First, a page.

• That guy whispering in the corner was really being pretty rude hahaha

  • putting these mortals in the room with michael haneke tsshh….

    • thadon calico on 12.2.12 @ 3:00AM

      haneke is a god, everyone should tremble when even typing his name…IMO he overshadows the rest on that panel

  • What a great glimpse into the lives these filmmakers live. Their thoughts and dedication, the way the try are exactly the same as one would hope– they’re trying their best to reflect their interests, passions and points-of-view through their stories in human and compelling ways. Which, is no different from what any artist, and, the folks here are doing. Humble, hard work is the mantra– thanks for this post!

  • Gavin Kilduff on 11.30.12 @ 4:21PM

    I have to say these series of videos are excellent. I have watched every single one available. I love how informal and informative they are. Dedication, talent, self belief. hard work and a bit of luck is what they all have in common.

  • What a terrible interview. A very strange mishmash of screenwriters, no attempt to facilitate a conversation, the interviewer cutting people seemingly at random. And asking the Zero Dark Thirty guy that many fucking questions after he has proven he knows dick about his craft? The least illuminating, most uncomfortable interview I’ve ever seen.

  • I agree that these THR videos are great, but man, to have Magee and Haneke sit there in silence for half the show is terrible! Those were the two I most wanted to hear speak and I don’t think Haneke said a word between the 15 and 45 minute mark! For some really great and hilarious content from him you should all follow his twitter @Michael_Haneke

    • thadon calico on 12.2.12 @ 3:01AM

      i will follow him asap…haneke is a god, its ashame that he was silent for most parts of the interview

    • thadon calico on 12.2.12 @ 3:03AM

      i doubt thats his real twitter page, its in english and the latest tweets seem wierd / funny, not sure if its really his

    • thadon calico on 12.2.12 @ 3:05AM

      his twitter page sounds like an american teen….thats not his, plus i heard from someone that worked with him that he doesnt like social media

  • I hate the whole film is just entertainment thing, sure it is entertaining and yes it’s called show biz and not show art but for me the greatest films out there straddle the world of art and entertainment. Film is a language and a form of communication capable of profound revelations that other mediums cannot convey. To say certain subjects shouldn’t be touched becaus film is entertainment and thus not appropriate just shows how narrow and distorted mainstream hollwood’s grip on the medium is. They’re sense of ownership of the medium is unjustified and suffocating. It would be like if text were for only documenting actual events and that line was pushed by the biggest and most powerful publishers on the planet. What a destitute and shallow place the landscape of self discovery would be in such a case.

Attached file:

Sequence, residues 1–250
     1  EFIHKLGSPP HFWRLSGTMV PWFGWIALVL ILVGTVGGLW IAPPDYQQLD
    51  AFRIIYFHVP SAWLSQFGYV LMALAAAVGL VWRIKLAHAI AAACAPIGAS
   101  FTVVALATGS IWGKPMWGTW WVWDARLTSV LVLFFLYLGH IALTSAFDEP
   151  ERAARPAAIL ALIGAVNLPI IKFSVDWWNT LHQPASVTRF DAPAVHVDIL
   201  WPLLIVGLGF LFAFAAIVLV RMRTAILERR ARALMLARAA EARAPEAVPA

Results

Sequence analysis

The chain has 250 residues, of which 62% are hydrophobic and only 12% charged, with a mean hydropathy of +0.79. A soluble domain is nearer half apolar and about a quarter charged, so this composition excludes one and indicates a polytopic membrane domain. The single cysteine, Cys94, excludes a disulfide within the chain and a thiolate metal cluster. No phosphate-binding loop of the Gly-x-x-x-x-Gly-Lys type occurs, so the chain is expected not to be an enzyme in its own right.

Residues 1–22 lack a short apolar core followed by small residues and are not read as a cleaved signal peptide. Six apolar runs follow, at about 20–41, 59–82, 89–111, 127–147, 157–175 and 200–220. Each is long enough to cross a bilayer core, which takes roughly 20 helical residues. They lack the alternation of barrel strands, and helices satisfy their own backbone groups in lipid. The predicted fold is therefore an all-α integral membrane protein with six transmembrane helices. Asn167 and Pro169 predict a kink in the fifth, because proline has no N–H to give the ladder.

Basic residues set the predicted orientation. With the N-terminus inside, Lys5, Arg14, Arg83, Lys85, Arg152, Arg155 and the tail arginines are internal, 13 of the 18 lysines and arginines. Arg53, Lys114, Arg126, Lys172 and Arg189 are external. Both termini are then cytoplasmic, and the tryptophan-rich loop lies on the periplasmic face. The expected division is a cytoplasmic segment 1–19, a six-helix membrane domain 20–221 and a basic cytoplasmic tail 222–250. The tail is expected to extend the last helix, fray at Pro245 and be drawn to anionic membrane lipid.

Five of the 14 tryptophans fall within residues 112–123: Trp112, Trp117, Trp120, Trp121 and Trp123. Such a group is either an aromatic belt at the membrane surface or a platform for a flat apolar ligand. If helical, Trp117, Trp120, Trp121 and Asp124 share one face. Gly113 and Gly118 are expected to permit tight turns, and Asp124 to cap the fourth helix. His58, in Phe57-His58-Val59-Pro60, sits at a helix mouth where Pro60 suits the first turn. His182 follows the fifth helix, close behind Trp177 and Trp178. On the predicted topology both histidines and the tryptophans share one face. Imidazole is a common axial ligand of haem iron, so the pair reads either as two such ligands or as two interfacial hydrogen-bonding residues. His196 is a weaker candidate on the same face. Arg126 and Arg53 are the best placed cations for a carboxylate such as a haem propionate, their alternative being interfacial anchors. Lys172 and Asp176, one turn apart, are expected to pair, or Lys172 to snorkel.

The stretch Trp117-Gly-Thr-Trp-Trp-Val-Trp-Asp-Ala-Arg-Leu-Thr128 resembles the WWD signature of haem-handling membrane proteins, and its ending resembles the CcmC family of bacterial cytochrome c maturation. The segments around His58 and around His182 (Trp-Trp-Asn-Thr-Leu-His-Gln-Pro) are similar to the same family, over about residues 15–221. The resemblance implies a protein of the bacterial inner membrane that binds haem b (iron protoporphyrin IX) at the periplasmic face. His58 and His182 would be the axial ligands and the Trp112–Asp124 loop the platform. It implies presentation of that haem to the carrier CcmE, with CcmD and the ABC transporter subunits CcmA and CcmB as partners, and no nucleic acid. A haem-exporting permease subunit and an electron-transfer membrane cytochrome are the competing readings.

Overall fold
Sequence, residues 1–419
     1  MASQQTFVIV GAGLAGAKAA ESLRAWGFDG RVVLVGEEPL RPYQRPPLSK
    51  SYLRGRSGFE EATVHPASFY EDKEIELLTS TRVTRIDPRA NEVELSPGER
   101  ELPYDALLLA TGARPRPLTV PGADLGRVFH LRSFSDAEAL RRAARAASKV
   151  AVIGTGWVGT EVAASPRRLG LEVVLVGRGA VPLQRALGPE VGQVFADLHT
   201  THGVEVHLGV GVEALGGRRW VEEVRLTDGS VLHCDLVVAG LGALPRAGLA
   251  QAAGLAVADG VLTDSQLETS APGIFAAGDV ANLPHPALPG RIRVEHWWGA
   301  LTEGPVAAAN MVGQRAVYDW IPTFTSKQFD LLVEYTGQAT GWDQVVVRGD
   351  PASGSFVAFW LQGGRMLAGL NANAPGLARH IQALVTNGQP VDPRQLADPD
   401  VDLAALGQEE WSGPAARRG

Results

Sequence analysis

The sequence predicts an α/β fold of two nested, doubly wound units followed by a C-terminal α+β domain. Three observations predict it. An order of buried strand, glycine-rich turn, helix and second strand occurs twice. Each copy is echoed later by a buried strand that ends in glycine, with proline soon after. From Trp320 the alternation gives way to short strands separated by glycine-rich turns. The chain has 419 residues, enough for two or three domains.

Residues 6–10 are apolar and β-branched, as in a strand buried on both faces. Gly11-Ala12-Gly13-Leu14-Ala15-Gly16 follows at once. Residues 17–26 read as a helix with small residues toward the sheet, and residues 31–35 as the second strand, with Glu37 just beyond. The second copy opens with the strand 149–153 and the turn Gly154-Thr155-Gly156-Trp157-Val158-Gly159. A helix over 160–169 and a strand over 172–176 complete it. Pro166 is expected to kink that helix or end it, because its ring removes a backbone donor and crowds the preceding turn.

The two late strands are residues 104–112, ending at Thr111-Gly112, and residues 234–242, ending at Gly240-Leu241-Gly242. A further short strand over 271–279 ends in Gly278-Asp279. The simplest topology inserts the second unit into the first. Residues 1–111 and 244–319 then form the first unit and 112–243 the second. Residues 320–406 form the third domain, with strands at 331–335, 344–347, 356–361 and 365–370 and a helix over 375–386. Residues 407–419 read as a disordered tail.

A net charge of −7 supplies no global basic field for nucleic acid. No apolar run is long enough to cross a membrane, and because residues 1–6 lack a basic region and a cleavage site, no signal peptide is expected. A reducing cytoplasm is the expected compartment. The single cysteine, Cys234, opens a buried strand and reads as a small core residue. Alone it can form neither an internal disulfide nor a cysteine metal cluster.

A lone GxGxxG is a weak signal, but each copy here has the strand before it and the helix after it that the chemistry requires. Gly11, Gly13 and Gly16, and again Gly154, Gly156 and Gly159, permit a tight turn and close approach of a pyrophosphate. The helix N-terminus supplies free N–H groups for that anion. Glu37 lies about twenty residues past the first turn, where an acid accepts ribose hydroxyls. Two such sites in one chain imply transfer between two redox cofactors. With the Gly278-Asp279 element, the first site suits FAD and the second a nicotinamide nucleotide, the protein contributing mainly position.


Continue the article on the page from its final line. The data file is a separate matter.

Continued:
• I heard this story. When asked about Schindler’s List, Stanley Kubrick said, “Schindler’s List is about winning. The Holocaust is about loosing.”

    I agree that the interviewer was horrible. He kept looking for someone to give him the answer her wanted. And his questions seemed chosen more to provoke than illuminate.

  • This interview is soooo awkward! The interviewers are so serious! It created an awkward closed atmosphere. I get the impression that these writers are very American, hollywood & don’t really have a global picture on things.

  • Tom Torbeyns on 12.26.12 @ 10:37AM

    I think this is a very interesting interview. It shows in a very painful way how little these writers (Haneke excluded) think about how their work influences society.
    I think this is a topic that deserves some more attention, also on this blog.
    If this community includes the next generation of filmmakers, and i think it does, things like this should not be ignored.
    I am convinced that the concept of nofilmschool is legit, you can be a filmmaker without having to pay for education.
    However, I am a student at a film school, here in Brussels, where the main goal is to challenge the students to form their opinion on modern cinema and it’s impact. This is something that is rarely discussed here.